A person’s impression of what’s ‘good’ or ‘bad’ design generally is picked up through education and experience. Accumulated from the multitude of designers and critics who came before them, most criteria inevitably boils down to personal preference.
All rules are meant to be broken, but rules should never be completely ignored. This set is not intended to be a definitive checklist to making good design. It should, however, provide points to be considered in every creative project you take on. From Timothy Samara’s Design Elements: A Graphic Style Manual, here are 20 rules of graphic design (part 1).
1. Have A Concept
Every, every, every design you ever make must have a meaning behind it. Plain and Simple. It doesn’t matter how beautiful your art is or how creative your graphics look. If your design doesn’t contain a story, an idea or a message you are trying to convey, it isn’t graphic design. It’s just pretty pictures on a page. Tell us something with your work.
2. Communicate, Don’t Decorate
Form carries meaning. No matter how simple or abstract that form may be, form that doesn’t match up communicates conflicting messages to your audience. Experiment with different shapes, details, colors and effects, and explore how they all can work together to support your message. Without keeping your message in mind, your work runs the risk of simply becoming a collage of graphics no longer qualifying as communicative design. Everything the viewer sees should be there for a reason.
3. Speak With One Visual Voice
Make sure every part of your design is talk to one another in the same language. “Does everything relate harmoniously to everything else?” This is the question you must ask yourself when critiquing your own work. All the elements of good design reinforce, restate and reference each other. This applies to shape, weight and placement, both visually as well as conceptually. If even one element is out of place it can disconnect from the others weakening your entire message.
4. Use Two Typefaces Maximum (OK, Maybe Three)
Now that you’ve clearly defined an objective (message) for your project, it’s time to take a look at your text. Text serves a major communicative role in the work you create. You will usually have only two or three objectives you are trying to achieve with each project. Your typefaces serve those objectives. A single type family with various weights and italics is usually enough all in itself, but adding a second typeface can be a nice complimentary touch. Using too many typefaces is distracting and confuses the viewer, so show a lot of restraint in this department.
5. Treat Type As An Image
In it’s most basic form, type is visual material made up of connected lines, dots, shapes and textures. They all need to relate compositionally to the design, no matter how different they seemingly may be. Move away from looking at the headline, pictures and body copy as three separate entities. There are all connected parts of one cohesive image.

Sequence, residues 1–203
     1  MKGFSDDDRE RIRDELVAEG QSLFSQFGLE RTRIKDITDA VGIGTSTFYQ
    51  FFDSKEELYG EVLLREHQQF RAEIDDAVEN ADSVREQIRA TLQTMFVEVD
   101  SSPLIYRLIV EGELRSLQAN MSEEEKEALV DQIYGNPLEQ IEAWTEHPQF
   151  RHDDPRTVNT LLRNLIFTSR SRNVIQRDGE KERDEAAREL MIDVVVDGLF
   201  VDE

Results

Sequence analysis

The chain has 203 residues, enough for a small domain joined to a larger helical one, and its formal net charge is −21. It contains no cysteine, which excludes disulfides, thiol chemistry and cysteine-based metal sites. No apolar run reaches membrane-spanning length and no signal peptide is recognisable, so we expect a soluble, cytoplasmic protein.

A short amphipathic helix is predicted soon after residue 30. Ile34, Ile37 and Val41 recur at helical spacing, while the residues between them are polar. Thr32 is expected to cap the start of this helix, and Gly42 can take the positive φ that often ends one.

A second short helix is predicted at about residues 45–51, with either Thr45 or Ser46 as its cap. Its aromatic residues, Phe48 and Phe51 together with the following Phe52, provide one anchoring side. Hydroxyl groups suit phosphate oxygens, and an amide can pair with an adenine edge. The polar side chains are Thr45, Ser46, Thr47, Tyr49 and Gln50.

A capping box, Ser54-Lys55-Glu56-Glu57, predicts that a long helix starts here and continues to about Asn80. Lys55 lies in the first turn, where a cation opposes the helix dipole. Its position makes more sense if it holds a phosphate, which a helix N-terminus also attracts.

6. Keep Type Friendly
It should almost go without saying that illegible type serves your work zero purpose. You may be tempted to grab the fancies, frilliest, most exoctic or creative type you can find, but if it distracts the reader from the message you are trying to communicate it doesn’t work. Type can be expressive, creative and riddled with subliminal meaning, but first and foremost it must transmit the essential information.
7. Show One Thing First
The viewer should be drawn into the most important part of the design first. Make it stand out with a big shape, a startling image, a dramatic type treatment or a daring color–it doesn’t really matter, just hook ‘em in. Once your audience is captured, steadily decrease the action of each less important item guiding the viewer in the logical progression you want them to follow. This establishes ‘hierarchy’ in your image. Remember, you are designing to (a) grab their attention (b) get them the information they need and (c) help them remember it afterward. If there’s no clear focus of what to start with, you’ve already lost the battle.
8. Pick Colors On Purpose
Colors should never be picked simply at random. Every color carries a particular emotional and psychological meaning. Red can mean passion or love, where as green speaks more to nature and growth. Understand what your colors do when you combine them and what they will mean to your audience. The mood of your audience can be successfully controlled simply by what colors you choose to work with.
9. Do More With Less
The more you cram into a confined space, the harder it will be for your viewer to see what they are supposed to be seeing. Anybody can throw a bunch of stuff together and call it ‘complex’ art, but there’s a big difference between something that’s ‘complicated’ and ‘complex’. Remove anything that does not directly contribute to the message you are trying to convey. Make yourself stand out with something sleek, clear and noticeable.
10. Negative Space Is Magical
Negative space (also called white space) can sometimes be more impactful than the actual stuff you put in it. Space in general calls attention to the other content and separates items that are unrelated. Negative space is just as much a shape in terms of composition as positive shapes, and used effectively it can be a powerful element of your design. If negate space goes unconsidered it can feel dead and disconnected, and a lack of negative space overwhelms and confuses the audience.
Check out Part 2 of 20 Rules of Graphic Design!